Central bank survey shows businesses, households face tough times

Tirana Times
By Tirana Times October 30, 2015 11:10

Story Highlights

  • “The enterprises' general sales and financial result deteriorated in the first half of 2015 compared to the end of 2014. Even the expansion of the economic activity displayed signals of a slowdown," says the central bank in its latest financial stability report

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TIRANA, Oct. 26 - While the Albanian economy recovered to moderate growth rate of 2.65 percent in the first half of this year, the business community continues facing tough times with lower sales affecting their profits, the country's central bank says in a report.

“The enterprises' general sales and financial result deteriorated in the first half of 2015 compared to the end of 2014. Even the expansion of the economic activity displayed signals of a slowdown," says the central bank in its latest financial stability report.

A survey with more than 700 enterprises nationwide shows almost half of them (48 percent) do not plan to take out new loans for the second half of the year. Only 3 percent of the surveyed enterprises said they had made a final decision about borrowing from banks while the remaining part was still mulling it over.

Half of the enterprises (some 51 percent) said they had a loan to pay off in the first half of 2015, down 4 percent compared to the second half of the year.

Differently from households where informal borrowing accounts for the majority of total credit, the situation among businesses is quite different with 92 percent of enterprises borrowing from banks.

The survey shows demand for new loans has dropped among businesses especially in the construction and services sectors. Loans in the foreign currency, especially in Euro, dominates more than half of credit in Albania, unveiling the country's high euroization rate, which inhibits the effectiveness of the central bank's monetary policy to give a boost to lending, struggling to recover in the past couple of years after the boom in the pre-crisis years.

 Households

The situation among households continues remaining critical with almost a third (29 percent) declaring a deterioration in their ability to repay loans, an indicator improving by 2.1 percentage points compared to the end of 2014, but deteriorating by 16.5 percent compared to the first half of 2014.

Lower income and an increase in the cost of living are the main causes for the deterioration in the households’ ability to repay, says the central bank’s survey.

The nationwide survey with 1,200 households shows the majority 60 percent of Albanian households continue to rely on informal borrowing from relatives and friends as well as local stores unveiling the tight lending standards and high costs of borrowing from banks. However, informal borrowing is estimated to account for only 17 percent of total lending to households which is dominated by needs to finance consumption and purchase and repair of property.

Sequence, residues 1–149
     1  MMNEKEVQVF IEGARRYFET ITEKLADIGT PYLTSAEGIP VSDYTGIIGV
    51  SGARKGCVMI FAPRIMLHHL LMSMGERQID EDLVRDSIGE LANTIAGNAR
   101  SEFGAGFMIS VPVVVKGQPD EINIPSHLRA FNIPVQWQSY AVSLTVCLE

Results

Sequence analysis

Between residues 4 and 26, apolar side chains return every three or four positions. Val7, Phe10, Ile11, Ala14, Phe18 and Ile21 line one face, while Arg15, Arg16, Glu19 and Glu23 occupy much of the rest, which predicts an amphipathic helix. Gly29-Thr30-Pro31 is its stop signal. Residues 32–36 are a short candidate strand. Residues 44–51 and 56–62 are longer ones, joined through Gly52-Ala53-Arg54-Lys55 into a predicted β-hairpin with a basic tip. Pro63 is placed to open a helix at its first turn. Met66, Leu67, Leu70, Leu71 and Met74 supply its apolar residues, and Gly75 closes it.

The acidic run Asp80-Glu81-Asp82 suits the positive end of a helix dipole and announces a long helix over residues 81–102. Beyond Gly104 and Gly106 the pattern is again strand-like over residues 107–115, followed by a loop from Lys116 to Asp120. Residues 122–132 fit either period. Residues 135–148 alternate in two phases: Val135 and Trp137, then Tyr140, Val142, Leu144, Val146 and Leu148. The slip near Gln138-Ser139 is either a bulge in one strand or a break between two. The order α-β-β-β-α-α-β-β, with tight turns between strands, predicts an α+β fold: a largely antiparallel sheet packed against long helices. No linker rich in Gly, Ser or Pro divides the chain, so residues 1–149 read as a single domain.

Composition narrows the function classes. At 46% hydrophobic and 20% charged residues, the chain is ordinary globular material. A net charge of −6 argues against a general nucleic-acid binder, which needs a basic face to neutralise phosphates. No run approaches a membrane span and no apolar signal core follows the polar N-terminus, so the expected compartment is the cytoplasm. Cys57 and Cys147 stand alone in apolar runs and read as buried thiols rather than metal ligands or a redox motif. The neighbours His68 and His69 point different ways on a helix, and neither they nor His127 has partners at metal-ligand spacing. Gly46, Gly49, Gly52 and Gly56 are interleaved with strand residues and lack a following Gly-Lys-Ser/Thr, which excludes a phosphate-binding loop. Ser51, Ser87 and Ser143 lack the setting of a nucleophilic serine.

Some 27 percent of the surveyed households said they had at least one debt to pay off, compared to 30 percent at the end of 2014. More than 80 percent of the respondents said they expect no improvement in their ability to repay in the second half of this year.

 Consumption concerns

The central bank has earlier noted the launch of a nationwide campaign to curb electricity theft and collect accumulated unpaid bills has had a negative impact on household consumption. The Albanian government says it collected an extra $150 million in electricity bills in the first three quarters of this year compared to the same period last year and $200 million compared to 2013.

Household final consumption expenditure measuring consumer spending was down by 3.16 percent year-on-year in the second quarter of 2014, declining for the second quarter in a row, according to state statistical institute, INSTAT.

The latest business and household survey reflects official data showing that lending to the economy suffered a blow in August 2015 when it returned to negative growth rates after registering sluggish growth rates of 1 to 3 percent in the past year.

Bank of Albania data shows lending slightly contracted by 1.2 percent year-on-year in August 2015 hinting sluggish demand for new loans by both businesses and households as standards remain tight due to non-performing loans at around 20 percent.

The launch of a nationwide campaign against informality last September accompanied by legal changes increasing fines on tax evasion by several times and pending amendment to the Criminal Code making evasion punishable by prison has sparked mixed reactions by the business community which has hailed the campaign but criticized its aggressiveness and tough penalties as not helping improve the business climate.

Tirana Times
By Tirana Times October 30, 2015 11:10